The assignment had said a “book reading” at this launch, with live music played on a cello, but when I called the author he said that there was to be no reading at all. Just a guy playing the cello and him signing copies of the book, with a short introduction. Ok.

I decided that to make this thing work he HAD to read, and for people interested in buying his book it would be nice to hear him say something about what motivated him. So I inquired whether he’d be willing to get to the venue a little early so I could get him to talk about his book on camera, and read something. Being a journalist and former colleague he was quite accommodating and understanding, and agreed to do so.

This was my plan then: A-Roll: him talking about why he wrote the book, reading excerpts from it;
B-Roll: people milling about, him signing, people reading the book, tons of closeups of the book etc, the cello, etc
Use the cello music as background.

Got to the event. Interview went fine; reading went ok, then found out that the cellist was expected to play 1/2hr later than I expected. Ah well. All things considered the shooting went ok.

I managed to complete post production in about 3 hrs and, except for a few things I kinda liked the end result.

LESSONS LEARNT:
1. I need to get to interviews with about 15mins to spare, even for simple sit-down interviews. Usually if I’m using lights and such I give myself 1/2hr, but for this I gave myself 10 mins since I had no plans to use lights. Maybe I’m a perfectionist but I wasn’t happy with the framing and lighting of the interview at all. In fact it sucks.

2. As much as the assignment might look like crap at first, give it time. I’m finding out that if there is enough advance time, a little planning might help you save it.

Bear with me y’all; I’m getting there. CRITIQUES PLEASE. Thanks a lot.


Video Stories Major Metro Newspapers Can And Should Do

This is a simple but effective video story by photojournalist Brent Foster for Time Magazine.
The Real Slum of \'Slumdog\'
Another example of what newspaper photoJOURNALISTS can and should be doing.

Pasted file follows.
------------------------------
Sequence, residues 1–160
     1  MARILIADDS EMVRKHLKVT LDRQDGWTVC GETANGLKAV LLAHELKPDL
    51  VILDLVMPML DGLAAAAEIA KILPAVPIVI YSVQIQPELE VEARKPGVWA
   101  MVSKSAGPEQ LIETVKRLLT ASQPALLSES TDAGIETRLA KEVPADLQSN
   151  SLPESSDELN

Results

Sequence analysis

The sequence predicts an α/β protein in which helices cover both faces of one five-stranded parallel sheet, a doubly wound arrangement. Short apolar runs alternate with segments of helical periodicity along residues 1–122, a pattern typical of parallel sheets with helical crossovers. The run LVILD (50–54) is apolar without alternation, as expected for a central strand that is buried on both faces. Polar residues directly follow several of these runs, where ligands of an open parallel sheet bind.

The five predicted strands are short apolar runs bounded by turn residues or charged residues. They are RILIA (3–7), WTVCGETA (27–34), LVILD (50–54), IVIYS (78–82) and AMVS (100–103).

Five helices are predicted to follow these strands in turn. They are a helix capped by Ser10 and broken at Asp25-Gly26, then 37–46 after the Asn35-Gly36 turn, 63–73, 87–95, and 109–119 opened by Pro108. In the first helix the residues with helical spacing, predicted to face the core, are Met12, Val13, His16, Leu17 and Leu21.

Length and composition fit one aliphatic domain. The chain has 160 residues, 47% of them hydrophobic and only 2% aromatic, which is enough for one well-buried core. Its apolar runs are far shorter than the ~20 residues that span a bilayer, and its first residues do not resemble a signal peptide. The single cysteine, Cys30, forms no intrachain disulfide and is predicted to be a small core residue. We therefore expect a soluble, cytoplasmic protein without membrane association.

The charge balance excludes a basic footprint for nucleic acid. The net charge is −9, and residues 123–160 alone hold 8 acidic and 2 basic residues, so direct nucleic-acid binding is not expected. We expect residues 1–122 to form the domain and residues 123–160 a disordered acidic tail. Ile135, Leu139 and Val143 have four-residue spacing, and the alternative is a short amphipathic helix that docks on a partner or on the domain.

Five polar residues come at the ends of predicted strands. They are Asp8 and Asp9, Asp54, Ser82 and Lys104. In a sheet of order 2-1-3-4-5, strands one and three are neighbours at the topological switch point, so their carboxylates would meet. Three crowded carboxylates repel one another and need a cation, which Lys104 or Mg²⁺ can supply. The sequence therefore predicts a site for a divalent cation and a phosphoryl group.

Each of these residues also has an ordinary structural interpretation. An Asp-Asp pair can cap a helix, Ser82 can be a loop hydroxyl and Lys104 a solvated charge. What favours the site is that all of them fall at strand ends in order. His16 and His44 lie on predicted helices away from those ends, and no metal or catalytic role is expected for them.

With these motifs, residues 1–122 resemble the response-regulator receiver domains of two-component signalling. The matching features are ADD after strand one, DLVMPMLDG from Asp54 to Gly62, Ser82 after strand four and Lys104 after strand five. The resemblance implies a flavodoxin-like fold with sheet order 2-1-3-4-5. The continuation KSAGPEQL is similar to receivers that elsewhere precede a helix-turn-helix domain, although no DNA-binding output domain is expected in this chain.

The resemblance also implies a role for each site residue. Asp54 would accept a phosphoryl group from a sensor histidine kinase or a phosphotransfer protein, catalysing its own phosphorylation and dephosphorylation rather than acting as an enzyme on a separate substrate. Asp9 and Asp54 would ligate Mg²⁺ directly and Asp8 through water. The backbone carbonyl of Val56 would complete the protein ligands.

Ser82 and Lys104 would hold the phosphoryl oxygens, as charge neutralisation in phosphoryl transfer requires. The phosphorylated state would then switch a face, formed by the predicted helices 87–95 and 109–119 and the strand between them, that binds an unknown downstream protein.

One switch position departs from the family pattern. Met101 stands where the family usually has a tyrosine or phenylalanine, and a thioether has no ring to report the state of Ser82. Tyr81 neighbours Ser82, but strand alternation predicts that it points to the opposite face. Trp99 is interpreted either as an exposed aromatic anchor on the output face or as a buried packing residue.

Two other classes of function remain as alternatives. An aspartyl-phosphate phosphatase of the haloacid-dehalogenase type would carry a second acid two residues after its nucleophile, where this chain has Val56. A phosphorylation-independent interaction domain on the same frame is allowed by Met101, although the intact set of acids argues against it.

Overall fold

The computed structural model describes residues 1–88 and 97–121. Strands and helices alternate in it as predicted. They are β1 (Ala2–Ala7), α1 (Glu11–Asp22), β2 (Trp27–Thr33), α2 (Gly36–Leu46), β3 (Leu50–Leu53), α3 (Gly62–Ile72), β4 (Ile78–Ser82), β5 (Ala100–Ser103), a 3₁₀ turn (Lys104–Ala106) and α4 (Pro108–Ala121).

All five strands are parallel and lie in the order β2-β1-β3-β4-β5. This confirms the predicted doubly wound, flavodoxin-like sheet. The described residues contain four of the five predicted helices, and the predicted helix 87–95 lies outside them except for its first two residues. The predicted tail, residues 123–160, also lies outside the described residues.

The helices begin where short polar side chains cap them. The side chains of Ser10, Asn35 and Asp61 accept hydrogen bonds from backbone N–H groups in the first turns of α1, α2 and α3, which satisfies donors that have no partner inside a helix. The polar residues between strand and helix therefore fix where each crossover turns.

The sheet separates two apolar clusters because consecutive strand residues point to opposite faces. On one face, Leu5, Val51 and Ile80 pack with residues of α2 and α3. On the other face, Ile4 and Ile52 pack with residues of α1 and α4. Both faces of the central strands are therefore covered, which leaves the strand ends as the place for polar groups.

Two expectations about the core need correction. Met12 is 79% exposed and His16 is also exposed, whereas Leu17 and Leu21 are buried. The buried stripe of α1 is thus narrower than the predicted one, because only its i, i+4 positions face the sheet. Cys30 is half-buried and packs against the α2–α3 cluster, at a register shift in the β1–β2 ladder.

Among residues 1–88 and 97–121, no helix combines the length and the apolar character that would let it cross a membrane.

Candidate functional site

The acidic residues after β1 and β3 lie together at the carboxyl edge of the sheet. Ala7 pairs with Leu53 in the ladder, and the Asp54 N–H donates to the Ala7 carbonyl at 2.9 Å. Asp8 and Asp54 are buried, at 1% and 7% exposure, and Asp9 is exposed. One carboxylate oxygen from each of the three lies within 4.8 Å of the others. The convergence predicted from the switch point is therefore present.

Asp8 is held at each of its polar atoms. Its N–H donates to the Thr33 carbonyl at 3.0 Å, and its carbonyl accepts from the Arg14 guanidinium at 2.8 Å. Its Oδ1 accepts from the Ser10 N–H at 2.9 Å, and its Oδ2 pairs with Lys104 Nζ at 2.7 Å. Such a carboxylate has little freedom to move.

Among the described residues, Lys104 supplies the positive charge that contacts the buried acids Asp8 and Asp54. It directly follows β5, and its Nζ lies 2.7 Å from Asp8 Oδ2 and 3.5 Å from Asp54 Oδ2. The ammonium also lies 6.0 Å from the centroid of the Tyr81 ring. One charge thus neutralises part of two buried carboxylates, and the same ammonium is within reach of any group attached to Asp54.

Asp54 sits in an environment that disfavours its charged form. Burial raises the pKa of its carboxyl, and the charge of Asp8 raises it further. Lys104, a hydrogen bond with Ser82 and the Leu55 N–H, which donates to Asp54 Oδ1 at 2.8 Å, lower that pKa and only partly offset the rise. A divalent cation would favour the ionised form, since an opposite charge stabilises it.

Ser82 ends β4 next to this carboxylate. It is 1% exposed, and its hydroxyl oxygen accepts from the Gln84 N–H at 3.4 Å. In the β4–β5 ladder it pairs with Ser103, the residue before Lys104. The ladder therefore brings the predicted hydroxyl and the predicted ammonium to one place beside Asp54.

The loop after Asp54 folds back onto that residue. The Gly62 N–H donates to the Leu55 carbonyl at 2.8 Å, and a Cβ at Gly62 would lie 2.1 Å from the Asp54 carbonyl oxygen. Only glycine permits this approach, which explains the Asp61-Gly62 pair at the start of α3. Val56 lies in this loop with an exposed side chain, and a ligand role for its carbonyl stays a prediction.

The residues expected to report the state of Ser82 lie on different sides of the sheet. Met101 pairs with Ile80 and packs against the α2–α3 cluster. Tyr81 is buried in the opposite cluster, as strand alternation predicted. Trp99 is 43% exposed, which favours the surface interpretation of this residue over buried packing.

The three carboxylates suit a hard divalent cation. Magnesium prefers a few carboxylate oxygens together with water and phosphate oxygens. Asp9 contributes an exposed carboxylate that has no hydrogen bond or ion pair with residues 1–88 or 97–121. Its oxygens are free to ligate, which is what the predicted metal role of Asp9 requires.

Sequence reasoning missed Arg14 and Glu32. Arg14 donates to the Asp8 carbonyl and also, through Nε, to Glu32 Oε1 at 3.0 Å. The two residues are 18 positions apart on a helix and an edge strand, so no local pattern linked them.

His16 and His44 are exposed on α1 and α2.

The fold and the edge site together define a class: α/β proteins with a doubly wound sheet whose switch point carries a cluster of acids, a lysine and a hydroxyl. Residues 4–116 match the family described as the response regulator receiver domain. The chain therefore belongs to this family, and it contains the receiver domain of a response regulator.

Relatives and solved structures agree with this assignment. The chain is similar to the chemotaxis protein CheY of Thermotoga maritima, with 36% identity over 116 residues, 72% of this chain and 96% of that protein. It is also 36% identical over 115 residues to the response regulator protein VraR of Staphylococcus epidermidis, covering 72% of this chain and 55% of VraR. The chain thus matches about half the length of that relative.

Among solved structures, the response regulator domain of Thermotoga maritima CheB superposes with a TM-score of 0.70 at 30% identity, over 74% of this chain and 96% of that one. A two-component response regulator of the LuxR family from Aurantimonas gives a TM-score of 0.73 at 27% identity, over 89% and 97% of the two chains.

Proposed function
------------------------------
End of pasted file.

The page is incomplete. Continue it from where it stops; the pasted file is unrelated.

Chuck Fadley makes a similar point, using a PBS documentary as an example. This is what he says:
“I just watched Frontline’s “Inside the Meltdown” on PBS. Watch it. Frontline\'s \"Inside the Meltdown\" It’s a graduate course in storytelling; it’s an incredibly powerful story; it’s timely; and has incredible production values. (And it uses stills to great effect.)

“This is an absolutely gripping doc on the financial crisis, put together by producer Michael Kirk. You can watch it online. There’s also a ‘behind the scenes’ clip with Kirk here: \"Inside Frontline: The Making of…\"

Kirk put this hour together in 20 weeks. It uses material from the backyards of NYTimes, the WSJ, and the Post, any one of which could have done this story. In fact, the backbone of the narrative is structured on interviews with reporters from the Times and WSJ.

This is the kind of story telling that major metro papers could and should be doing, but are not.

Folks, we need to step up to the plate.”

Indeed!


The Story Behind “First Crush”, An Interview With Kids and Their Romantic Love

The video First Crush was done as a story for Valentine’s Day. I approached the assistant managing editor with the idea of doing a video where I’d interview fifty 6-year-olds by asking them one question about love, and reveal the question at the end of the video after the kids had given their answers. I figured it’d be interesting to see what kids had to say about love. They were bound to have surprising stories, especially since many parents don’t expect kids that age to be thinking about things like this. (Click on the image to watch the video).

VIDEO- FIRST CRUSH
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My challenge was how to make it work for the paper since I wanted to keep the question secret. I also wanted to make it into a package from which people could learn something. So after some research I figured the story in the paper should be about exploring first crushes, and that would point to the video online. A writer volunteered to do that portion of the story, and the editor gave the green light. The writer’s story was about whether as people, we are wired for love.
The principal at Dante elementary school in St Leonard agreed to help; she found the kids (ages 6-8). The parents had already given consent at the beginning of the year for the kids to be interviewed by the media for stories. It was difficult to find fifty children since there simply wasn’t enough time, and in retrospect I think it would’ve been too many. I got what I was expecting: some really amusing stories in response to the one question I asked.
Post production was simple; the biggest challenge was finding the music. I settled on an instrumental piece by Montreal band Plants and Animals (plantsandanimals.ca) and they kindly gave permission to use it. Then I had to decide if I should use the names of the kids. After consulting some colleagues and editors, I decided not to show their names in the video for their own protection.